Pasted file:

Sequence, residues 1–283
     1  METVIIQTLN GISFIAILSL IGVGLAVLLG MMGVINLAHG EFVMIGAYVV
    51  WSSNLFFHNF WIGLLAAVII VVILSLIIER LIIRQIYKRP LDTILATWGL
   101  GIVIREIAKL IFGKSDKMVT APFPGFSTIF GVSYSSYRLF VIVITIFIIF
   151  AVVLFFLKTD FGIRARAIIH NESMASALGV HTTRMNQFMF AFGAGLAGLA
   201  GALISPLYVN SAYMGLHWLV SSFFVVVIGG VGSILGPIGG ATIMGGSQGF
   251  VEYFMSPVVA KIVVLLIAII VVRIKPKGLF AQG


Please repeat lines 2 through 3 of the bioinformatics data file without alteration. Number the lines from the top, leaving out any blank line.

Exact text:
     1  METVIIQTLN GISFIAILSL IGVGLAVLLG MMGVINLAHG EFVMIGAYVV
    51  WSSNLFFHNF WIGLLAAVII VVILSLIIER LIIRQIYKRP LDTILATWGL